Russia’s Bizarre Preoccupation With The Idea Of The “National Idea”

There’s tons of criticism that Russia no longer has a “national idea.”

The sentiment comes from almost everyone: Nationalists, liberasts, Communists, foreign critics, Russian “experts” with far too much time on their hands, and even some otherwise astute observers.

I don’t disagree with the thesis, but do ask: Why is that such a bad thing?

Grand narratives and universal theories tend to be poor at describing the world as it really is, and not infrequently lead to large-scale mistakes and suffering when pursued with excess zeal. The USSR is a classic example of a country with a “national idea.” So was the US under the neocons.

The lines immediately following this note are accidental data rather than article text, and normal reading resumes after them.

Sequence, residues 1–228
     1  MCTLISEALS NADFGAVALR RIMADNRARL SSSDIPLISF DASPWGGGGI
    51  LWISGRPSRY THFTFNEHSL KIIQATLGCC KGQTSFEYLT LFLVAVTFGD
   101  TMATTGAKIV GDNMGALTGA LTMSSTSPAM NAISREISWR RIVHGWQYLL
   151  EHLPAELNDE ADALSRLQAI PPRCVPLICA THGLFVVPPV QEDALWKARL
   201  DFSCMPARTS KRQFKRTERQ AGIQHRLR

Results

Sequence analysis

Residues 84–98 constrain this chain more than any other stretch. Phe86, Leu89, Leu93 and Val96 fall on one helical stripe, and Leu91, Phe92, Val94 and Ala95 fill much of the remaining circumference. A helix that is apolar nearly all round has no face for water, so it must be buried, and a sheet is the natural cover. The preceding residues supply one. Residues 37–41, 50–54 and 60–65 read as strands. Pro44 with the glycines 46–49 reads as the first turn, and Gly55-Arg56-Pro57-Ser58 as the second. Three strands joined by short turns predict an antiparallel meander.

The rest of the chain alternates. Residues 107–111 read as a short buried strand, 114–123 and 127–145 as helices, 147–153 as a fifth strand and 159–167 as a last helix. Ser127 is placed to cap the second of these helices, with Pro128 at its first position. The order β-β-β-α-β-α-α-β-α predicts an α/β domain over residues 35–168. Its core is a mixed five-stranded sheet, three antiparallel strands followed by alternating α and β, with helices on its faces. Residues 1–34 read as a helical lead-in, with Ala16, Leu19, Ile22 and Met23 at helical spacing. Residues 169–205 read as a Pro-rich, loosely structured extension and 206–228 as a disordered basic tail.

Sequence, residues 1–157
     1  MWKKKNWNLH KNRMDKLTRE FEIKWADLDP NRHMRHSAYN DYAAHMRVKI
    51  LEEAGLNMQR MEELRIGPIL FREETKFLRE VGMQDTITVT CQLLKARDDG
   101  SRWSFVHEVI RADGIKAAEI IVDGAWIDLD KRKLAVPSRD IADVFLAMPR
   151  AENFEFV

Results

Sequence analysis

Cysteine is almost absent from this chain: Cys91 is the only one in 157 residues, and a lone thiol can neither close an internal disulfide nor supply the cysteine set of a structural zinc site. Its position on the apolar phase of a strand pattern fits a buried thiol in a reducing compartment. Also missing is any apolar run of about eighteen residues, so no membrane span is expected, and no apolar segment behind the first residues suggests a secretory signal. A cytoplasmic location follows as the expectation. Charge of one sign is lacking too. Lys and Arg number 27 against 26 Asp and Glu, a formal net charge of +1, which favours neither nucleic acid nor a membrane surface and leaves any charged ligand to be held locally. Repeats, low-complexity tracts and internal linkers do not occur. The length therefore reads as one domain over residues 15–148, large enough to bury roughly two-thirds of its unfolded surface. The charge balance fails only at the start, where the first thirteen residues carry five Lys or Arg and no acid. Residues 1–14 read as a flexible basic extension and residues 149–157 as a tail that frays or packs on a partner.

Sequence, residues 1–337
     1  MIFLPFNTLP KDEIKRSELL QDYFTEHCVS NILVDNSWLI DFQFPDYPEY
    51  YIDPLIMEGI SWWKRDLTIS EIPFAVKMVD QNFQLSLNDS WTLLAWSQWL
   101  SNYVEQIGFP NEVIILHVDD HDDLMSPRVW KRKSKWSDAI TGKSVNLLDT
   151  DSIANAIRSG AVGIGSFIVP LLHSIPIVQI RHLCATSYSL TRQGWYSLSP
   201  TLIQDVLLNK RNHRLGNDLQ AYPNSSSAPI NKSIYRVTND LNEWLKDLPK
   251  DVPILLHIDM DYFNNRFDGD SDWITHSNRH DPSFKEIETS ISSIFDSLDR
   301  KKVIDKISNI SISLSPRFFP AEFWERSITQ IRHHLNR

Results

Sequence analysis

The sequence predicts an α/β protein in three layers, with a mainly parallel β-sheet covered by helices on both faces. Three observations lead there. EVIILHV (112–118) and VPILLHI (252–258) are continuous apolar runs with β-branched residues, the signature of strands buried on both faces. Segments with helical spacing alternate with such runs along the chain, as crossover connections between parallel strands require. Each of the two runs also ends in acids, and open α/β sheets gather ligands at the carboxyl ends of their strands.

Even when they don’t lead to stupid outcomes they are almost inevitably farcical when promoted by politicos, under virtually any political system. Instead of inspiring, the only thing “universal” about them is that everyone mocks them. Suffice to mention “The Big Society” (Tories, UK); “sovereign democracy” (Surkov, Russia); “harmonious society” (the Chinese Communist Party).

Putin himself put it best, in response the question, “When will Russia get an idea for which one can live for and create for?” He said, “Galina Dmitrievna, – for our children, our grandchildren, for our Motherland, Russia, it always was, is, and will be worth living for and creating for. What else is there? However we might try to come up with a national idea, it has to be said directly: There is nothing closer to someone than his family, his close ones, and his own country.”

Alternatively, the joke website Lurkmore too has a good article on the concept.

National ideas suck. Putin emphasizes pretty mundane things like conservatism, patriotism, pragmatism, and a growing GDP and I for one am more than satisfied with that.

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